Since 1998, university lobbyists spend $1.4M

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Each year, millions of dollars pour into Washington, D.C. through efforts to sway federal legislation, and Marquette University is among the donors.

According to the Center for Responsive Politics, a non-partisan government watchdog group, Marquette has spent nearly $1.4 million lobbying the federal government since 1998.

Marquette’s increasing expenditures follow the national trend. American institutions of higher education have tripled their lobbying efforts during the past decade, according to the group’s Web site,

In 1998, the first year of data available from the CRP, Marquette spent $50,000 on federal lobbying efforts. Last year, the university spent $110,000.

In 2000, the school’s most expensive year to date, Marquette’s lobbying expenses totaled $160,000.

Having a presence in Congress is necessary for universities attempting to thrive in today’s competitive, asset-limited environment, said Dave Levinthal, Center for Responsive Politics communications director.

Levinthal said there has been a “significant increase” in money spent on formal federal lobbying. Private professional lobbyists have become favored over school representatives in recent years, he said.

Rana Altenburg, vice president of Marquette’s office of public affairs, works as one of the university’s main lobbyists.

“It is important for the university to be represented in the policy-making process at all levels of government and to share how changes to laws will directly impact Marquette,” Altenburg said in an e-mail.

Altenburg is joined by Mary Czech-Mrochinski, William Lobb and Steve Schultz as Marquette’s employed lobbyists. The university hired Collins & Company, a Virginia-based government relations firm, from 1998-’08 to assist in its efforts. Marquette paid $80,000 to the company each year from 2000-’03.

Compared to the State University of New York — which spent nearly $1.5 million just in 2009 — Marquette’s efforts are minor.

But the lobbying expenditures of private and public institutions tend to be markedly different, Levinthal said. Big schools with large endowments and high national profiles have more money to spend and more to gain, he said.

The University of Wisconsin-Madison spent $350,000, and the UW-System spent $460,000 on lobbying in 2009. Despite the school’s sizeable investment return — millions in research funding — some Wisconsin residents may resent the spending, Levinthal said.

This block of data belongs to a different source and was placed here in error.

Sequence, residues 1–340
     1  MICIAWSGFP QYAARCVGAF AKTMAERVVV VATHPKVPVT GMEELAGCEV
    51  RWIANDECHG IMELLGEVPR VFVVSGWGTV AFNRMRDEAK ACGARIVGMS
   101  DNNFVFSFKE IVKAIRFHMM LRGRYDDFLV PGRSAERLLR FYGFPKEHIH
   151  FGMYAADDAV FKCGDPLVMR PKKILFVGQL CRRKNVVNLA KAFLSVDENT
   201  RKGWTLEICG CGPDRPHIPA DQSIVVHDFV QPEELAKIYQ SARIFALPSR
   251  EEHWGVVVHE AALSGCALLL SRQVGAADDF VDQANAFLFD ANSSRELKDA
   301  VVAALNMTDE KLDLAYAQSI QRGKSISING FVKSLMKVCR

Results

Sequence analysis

“If you’re a taxpayer, and you’re paying to support your public school, and that school is spending money to get more tax dollars from your pocket, some people will have a philosophical problem with that,” he said.

As a private institution, Marquette largely avoids this issue. Still, some individuals may wonder why a private school like Marquette is eligible to receive federal funding, Levinthal said.

Altenburg said Marquette’s lobbying-based expenses —  at both the federal and state level —  have yielded great benefits.

In accordance with Congress’ budget for the 2010 fiscal year, Marquette will receive $3.2 million in federal funding for its department of chemistry’s research on blast-resistant military materials and $850,000 toward its School of Dentistry’s three community clinics, she said.

In 2009, Marquette spent $129,438 lobbying Wisconsin’s state legislators, according to the Wisconsin Government Accountability Board’s Web site.

On March 15, legislation was passed to create official blue-and-gold monogrammed state vehicle license plates.

In the past, topics of state lobbying efforts included the Marquette Interchange project and concealed weapon carrying laws.

As the state’s only dental education institution, Marquette’s School of Dentistry has also consistently been a focus of past state lobbying efforts, Altenburg said.

Julia Azari, an associate professor of political science, said the concept of lobbying was borrowed from British Parliament and has a long history in American politics.

Lobbying has evolved over time and has become “a way that members of Congress interact with society at large,” Azari said.

“Everyone else is doing it, so it makes perfect sense for higher education to try to get a piece of the pie,” she said.